December 7, 2016 / 5:19 AM / in a year

Hidden credit card perks can save shoppers

NEW YORK (Reuters) - Want to save a few quick bucks on your holiday shopping? Your credit card may offer some little-known perks that could save you money both upfront and after the purchase.

U.S. President Barack Obama (R) uses a credit card to buy an item at the Shinola watchmakers flagship store in Detroit, Michigan January 20, 2016. REUTERS/Jonathan Ernst

Of the 100 most popular credit cards, 81 offered some kind of extended warranty, according to a study released on Wednesday from Creditcards.com, a card rating website run by Bankrate.com RATE.N.

Just over half had purchase security, useful if your item is lost or stolen and the retailer or shipping company does not make good on the loss. Forty-seven cards had price protection, meaning the credit card issuer will match the price if it drops within a certain amount of time, and 26 guaranteed returns even when the merchant does not.

Of the cards studied, 17 offered all four of these protections.

To take advantage, you first have to know what is available on your card. Then you have to jump through the many required hoops.

“These perks can really help in certain circumstances, but most people don’t know that they are there to be taken,” said Matt Schulz, senior industry analyst at creditcards.com. He added that the credit card issuers declined to provide usage numbers for his study.

One quick way to check if your card has hearty protections is to look at the bottom right-hand corner, said Sean McQuay, credit card expert at Nerdwallet.com. A Visa card with the “Signature” or “Infinite” tag will likely have the best protections. For MasterCard, look for “World Elite.”

American Express and Discover offer the same protections at all levels, McQuay said.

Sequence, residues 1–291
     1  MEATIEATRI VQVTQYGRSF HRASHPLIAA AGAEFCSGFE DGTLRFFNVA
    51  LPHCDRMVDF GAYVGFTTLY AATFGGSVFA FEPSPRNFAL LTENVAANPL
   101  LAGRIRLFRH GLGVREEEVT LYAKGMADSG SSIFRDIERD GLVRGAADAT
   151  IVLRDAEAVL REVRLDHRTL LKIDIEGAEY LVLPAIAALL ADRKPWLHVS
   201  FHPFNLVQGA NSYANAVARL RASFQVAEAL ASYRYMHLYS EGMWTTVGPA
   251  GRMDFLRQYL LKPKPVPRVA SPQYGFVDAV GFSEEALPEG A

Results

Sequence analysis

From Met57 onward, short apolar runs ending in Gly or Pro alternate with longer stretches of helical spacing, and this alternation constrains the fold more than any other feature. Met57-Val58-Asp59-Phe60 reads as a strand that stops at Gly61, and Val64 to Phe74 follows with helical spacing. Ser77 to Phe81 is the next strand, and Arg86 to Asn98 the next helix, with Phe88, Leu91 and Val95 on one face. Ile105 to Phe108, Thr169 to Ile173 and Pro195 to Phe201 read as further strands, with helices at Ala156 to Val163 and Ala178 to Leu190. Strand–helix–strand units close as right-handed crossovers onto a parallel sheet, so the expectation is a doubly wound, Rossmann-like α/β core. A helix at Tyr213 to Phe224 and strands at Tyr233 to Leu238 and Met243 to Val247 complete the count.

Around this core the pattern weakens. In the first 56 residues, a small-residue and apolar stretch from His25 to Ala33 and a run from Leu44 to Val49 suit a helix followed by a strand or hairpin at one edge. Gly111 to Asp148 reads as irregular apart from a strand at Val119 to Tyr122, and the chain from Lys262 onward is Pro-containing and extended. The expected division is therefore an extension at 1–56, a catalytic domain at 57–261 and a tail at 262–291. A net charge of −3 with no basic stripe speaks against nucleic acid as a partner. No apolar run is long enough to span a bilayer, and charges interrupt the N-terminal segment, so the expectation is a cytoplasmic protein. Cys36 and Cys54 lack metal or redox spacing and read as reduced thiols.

THE FINE PRINT

Extended warranty coverage, while the most common type of protection offered, is probably used sparingly by consumers because few know about it, said Schulz.

But this is the perk that could save consumers real money, because they can decline the extended warranty offered by retailers. It is akin to knowing that if your credit card offers insurance protection for rental cars, you can decline expensive add-on coverage.

AJ Saleem, who works for a tutoring company in Houston, did not find it too daunting to use his extended warranty coverage to get $60 to fix a broken iPhone speaker three months after the manufacturer’s one-year warranty ended. He sent his card company a copy of the warranty document, the repair quote and the original purchase statement and it sent him a check.

The other credit card protections require more documentation. Refunds for stolen items may require police reports, for instance, said McQuay.

“These perks are best applied to big-ticket items,” said Schulz. “They’ll be worth the time and effort to find the paperwork and make the phone calls, because the money you get back is real and impactful.”

Curtis Arnold, editor in chief of Cardratings.com, used one of his cards for reimbursement for a stolen lawn mower after his shed was burglarized. “It really soothed my despair,” he said.

Card issuers are moving to an easier system that will require less legwork, at least for price matching, said Schulz.

Citigroup Inc C.N already has its Citi Rewind feature, which enables users to register a purchase; the system will then check automatically for price drops. Citi keeps a running tally of savings on its promotional page (www.citipricerewind.com/), which claims that so far, more than 200,000 payments have been issued to the tune of almost $5.5 million.

Schulz said Capital OneCOF.N just acquired a company that could allow it to offer something similar, and he thinks more will follow.

For now, the savvy consumer has to learn a few tricks in order to save. Justin Chidester, a financial planner in Logan, Utah, did not have much luck at first with the price matching. When he tried to use it to get money back on some chairs he bought, the card company wanted not just the original receipt and proof of the new lower price offer, but also a screen shot of the original price he paid for the items. “I got tripped up,” said Chidester.

Wiser on his second attempt, he bought a new TV for $450 and saved a screen shot of the original offer. When the price dropped shortly afterward to $300, he was prepared and quickly got a $150 statement credit for his effort.

Editing by Dan Grebler

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